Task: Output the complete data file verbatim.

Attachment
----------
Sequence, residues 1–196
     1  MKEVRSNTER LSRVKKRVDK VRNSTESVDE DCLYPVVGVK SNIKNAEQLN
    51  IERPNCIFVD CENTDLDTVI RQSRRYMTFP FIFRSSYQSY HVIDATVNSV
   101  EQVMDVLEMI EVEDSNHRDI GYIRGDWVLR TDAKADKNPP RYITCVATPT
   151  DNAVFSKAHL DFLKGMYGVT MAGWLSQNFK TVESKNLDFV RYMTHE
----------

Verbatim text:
Sequence, residues 1–196
     1  MKEVRSNTER LSRVKKRVDK VRNSTESVDE DCLYPVVGVK SNIKNAEQLN
    51  IERPNCIFVD CENTDLDTVI RQSRRYMTFP FIFRSSYQSY HVIDATVNSV
   101  EQVMDVLEMI EVEDSNHRDI GYIRGDWVLR TDAKADKNPP RYITCVATPT
   151  DNAVFSKAHL DFLKGMYGVT MAGWLSQNFK TVESKNLDFV RYMTHE